The event will be held in the Solitude Room at the Inn at Virginia Tech. Please share this announcement with students and community groups who may find this subject of interest. The event will provide attendees with a unique opportunity to engage with Dr. Wood and Dr. Cox, who have spent their lives working to advance economic and spiritual development across the nation.





UAP 5524: International Development

25 04 2018

Virginia Tech Graduate Certificate in Global Planning and International Development Studies

This fall, Prof. Kris Wernstedt will be offering UAP 5524: International Development as a replacement course for UAP 5764G: International Development Policy and Planning. UAP 5524 will run on Friday’s from 8:00 to 10:30am and will be offered via Zoom (a web conferencing platform).

Course Description – UAP 5524: International Development

What challenges do developing countries face in the 21st century as a legacy of past practices and histories and as globalization continues apace? How do these problems manifest themselves at global, trans-border, nation-state, and city scales? What policy responses and planning management practices have nations pursued to address their development challenges, and what solutions have appeared to create more livable environments in the face of them?

Through readings, lectures, interviews of practitioners from international NGOs and multi-lateral agencies, role-playing, simulations, and out-of-class assignments, this course examines major concepts of international development in countries of the Global South. Students will consider…

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Congratulations Kaitlyn Spangler!

24 04 2018

Congratulations to Kaitlyn Spangler for successfully defending her thesis entitled “When he comes home, then he can decide”: Male out-migration, the feminization of agriculture, and integrated pest management in the Nepali mid-hills.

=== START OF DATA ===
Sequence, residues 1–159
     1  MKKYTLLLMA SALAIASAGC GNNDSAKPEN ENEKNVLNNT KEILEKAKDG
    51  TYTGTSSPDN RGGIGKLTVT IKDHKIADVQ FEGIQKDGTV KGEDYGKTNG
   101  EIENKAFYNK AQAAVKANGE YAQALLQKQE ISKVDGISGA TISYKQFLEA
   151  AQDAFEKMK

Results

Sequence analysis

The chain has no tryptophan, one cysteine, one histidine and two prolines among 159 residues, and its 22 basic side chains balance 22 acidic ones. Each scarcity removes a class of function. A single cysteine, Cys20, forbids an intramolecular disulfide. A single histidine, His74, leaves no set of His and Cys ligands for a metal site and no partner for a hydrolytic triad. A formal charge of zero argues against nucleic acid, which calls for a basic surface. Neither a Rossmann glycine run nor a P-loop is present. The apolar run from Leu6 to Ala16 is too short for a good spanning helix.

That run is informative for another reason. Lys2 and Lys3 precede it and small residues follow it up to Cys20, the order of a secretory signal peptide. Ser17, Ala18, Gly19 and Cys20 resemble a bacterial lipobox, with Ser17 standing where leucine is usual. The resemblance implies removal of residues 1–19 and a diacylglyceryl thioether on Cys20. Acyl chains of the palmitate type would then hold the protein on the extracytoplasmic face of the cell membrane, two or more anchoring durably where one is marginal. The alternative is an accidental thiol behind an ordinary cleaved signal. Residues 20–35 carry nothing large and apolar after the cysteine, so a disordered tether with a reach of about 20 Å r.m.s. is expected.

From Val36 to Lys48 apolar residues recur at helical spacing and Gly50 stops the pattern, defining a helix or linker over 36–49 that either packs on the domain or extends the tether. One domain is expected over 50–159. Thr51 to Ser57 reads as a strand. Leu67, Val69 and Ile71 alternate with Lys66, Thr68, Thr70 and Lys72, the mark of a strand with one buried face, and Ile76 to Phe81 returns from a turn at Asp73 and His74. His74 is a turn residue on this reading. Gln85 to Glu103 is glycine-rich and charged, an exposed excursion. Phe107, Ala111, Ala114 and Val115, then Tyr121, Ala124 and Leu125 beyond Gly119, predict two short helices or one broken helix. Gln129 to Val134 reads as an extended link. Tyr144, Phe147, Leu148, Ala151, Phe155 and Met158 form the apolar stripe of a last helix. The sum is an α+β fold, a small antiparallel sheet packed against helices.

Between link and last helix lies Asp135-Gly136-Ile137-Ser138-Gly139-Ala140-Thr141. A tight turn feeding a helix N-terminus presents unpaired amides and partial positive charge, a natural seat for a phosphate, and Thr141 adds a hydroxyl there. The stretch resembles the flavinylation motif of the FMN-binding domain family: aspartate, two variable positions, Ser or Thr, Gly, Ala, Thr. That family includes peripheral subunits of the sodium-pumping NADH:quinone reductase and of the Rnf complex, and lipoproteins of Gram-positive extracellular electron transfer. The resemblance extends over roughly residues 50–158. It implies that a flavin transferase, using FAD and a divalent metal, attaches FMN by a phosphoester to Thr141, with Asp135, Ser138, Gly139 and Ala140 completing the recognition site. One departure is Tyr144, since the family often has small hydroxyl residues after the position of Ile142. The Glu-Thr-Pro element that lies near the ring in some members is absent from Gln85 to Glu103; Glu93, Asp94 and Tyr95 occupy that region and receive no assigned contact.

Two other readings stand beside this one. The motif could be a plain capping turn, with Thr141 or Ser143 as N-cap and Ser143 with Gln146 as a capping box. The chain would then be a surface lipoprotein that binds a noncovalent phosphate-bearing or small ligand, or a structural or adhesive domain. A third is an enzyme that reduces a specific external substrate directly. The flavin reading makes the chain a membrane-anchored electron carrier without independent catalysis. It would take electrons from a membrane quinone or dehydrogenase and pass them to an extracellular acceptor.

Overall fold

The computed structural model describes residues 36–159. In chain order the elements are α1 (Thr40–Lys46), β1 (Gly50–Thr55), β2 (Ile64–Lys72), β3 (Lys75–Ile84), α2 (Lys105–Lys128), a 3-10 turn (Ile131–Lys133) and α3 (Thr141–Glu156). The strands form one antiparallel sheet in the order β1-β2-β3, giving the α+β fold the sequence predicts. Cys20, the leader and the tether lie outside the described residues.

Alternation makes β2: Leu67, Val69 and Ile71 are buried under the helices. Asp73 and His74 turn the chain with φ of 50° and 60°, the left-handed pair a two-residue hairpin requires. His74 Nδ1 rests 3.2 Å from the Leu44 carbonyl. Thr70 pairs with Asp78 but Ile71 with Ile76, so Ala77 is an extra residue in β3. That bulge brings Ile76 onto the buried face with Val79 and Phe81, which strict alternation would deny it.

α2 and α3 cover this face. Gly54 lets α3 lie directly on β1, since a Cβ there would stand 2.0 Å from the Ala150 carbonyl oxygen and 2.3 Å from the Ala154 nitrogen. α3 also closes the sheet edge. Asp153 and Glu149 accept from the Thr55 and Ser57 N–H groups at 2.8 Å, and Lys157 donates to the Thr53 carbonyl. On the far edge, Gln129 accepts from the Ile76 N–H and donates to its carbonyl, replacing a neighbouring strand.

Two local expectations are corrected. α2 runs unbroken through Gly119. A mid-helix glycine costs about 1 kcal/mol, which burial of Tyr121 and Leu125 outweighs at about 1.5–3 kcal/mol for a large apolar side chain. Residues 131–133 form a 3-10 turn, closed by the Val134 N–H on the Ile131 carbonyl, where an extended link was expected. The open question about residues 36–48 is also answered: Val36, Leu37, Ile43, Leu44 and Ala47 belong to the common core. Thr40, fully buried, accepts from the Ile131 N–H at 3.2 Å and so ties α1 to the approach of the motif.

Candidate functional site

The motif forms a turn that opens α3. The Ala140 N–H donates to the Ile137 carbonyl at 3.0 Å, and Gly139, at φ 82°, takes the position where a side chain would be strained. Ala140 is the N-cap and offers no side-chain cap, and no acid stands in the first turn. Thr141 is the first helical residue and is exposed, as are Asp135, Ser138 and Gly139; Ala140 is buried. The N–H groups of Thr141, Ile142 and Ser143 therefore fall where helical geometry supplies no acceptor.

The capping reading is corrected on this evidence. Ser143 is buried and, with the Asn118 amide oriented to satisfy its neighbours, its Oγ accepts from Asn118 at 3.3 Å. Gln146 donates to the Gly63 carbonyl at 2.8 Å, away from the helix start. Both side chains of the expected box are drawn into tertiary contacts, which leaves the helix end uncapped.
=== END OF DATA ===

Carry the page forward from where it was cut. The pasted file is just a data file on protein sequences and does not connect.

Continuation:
Kaitlyn Spangler and Dr. Maria Elisa Christie

Kaitlyn’s research focused on gendered processes of male out-migration and their relation to IPM practices. See her abstract below for more information on her main findings.

I served as a member of Kaitlyn’s thesis committee, along with Dr. Maria Elisa Christie (committee chair), and Dr. Luke Juran (committee member).

Abstract:

As part of a USAID-funded integrated pest management (IPM) project, this thesis presents research conducted in the Midwestern mid-hills of Nepal across four communities. We used mixed methodologies to conduct semi-structured interviews, focus group discussions, and participant observation with local farmers and NGOs. Through a feminist political ecology (FPE) lens, the goal was to better understand how the feminization of agriculture affects and is affected by IPM practices and decision-making. This research responds to a growing interest within development in the feminization of agriculture as a potentially empowering or disempowering global process of change, conceptualized through the ways that male out-migration affects the labor and decision-making roles of women and other household members left behind on the farm. We find that contextual factors change the implications of the feminization of agriculture narrative. Co-residence with in-laws and different migration patterns affect the dynamic and varied nature of household structure and headship. Furthermore, migration patterns have pushed women to take on new agricultural duties and manage increasing household labor responsibilities. Yet, IPM vegetable cultivation is changing how farmers use and value their land through increasing crop diversification. These agricultural decision-making processes extend beyond the household, and participation in community spaces through the IPM project may contest traditional gender norms. We contend that the heterogeneity of household power dynamics muddies the potentially empowering or disempowering effects of the feminization of agriculture, and we emphasize the importance of community spaces as a locus of decision-making in the sustainability of new agricultural technologies.